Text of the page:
A 1948 Buick sedanet on the Peking to Paris Rally

October 5, 2022 | By Staff

Our hobby embraces car owners of diverse levels of bravery and wisdom. Some trailer to keep the tires clean or because their nerves are sensitive to noises in the transmission. Others drive but have the wife follow in a van, with several thousand dollars of spare parts. Some enter long-distance rallys in the United States, where a cellular phone call will bring help within hours. And, there are brave souls who whack their valuables around vintage race tracks, but the tow hook is always near.

As an example of unconditional faith in a restored vehicle, any of these activities pale when compared with the Peking to Paris Motor Challenge to begin in Peking, China.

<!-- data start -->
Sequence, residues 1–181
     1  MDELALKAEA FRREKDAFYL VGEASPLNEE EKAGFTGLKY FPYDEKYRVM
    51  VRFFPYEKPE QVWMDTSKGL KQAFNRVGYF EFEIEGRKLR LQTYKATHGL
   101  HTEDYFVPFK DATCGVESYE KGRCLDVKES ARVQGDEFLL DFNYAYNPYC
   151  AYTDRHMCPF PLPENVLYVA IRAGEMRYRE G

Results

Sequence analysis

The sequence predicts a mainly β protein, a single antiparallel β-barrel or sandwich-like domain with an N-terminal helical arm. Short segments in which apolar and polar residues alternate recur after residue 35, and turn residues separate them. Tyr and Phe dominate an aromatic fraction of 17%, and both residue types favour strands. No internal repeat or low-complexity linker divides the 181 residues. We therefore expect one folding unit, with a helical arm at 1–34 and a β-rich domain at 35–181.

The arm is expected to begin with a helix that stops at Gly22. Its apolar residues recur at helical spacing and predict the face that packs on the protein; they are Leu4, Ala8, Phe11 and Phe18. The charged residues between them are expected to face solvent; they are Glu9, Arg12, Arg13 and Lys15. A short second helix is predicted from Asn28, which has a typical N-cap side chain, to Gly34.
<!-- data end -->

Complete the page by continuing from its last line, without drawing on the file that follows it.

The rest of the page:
This 12,000-mile 1997 Motor Challenge is the first rerunning of the 1907 inaugural rally allowed by the Chinese government and is a “drive what-you-brung” party. While “official doctors” and “official mechanics” are provided to succor and aid the 86 entrants, if you break it in the middle of Tibet and didn’t bring that particular spare, you have a very serious problem. “Organized service assistance” for individual vehicles is firmly banned.

48 Buick sedanet before the Peking to Paris rally
OWNER RICHARD CLARK (left) and co-driver Kenneth Hughes with the specially prepared '48 Buick sedanet they'll drive in this fall's Peking to Paris rally.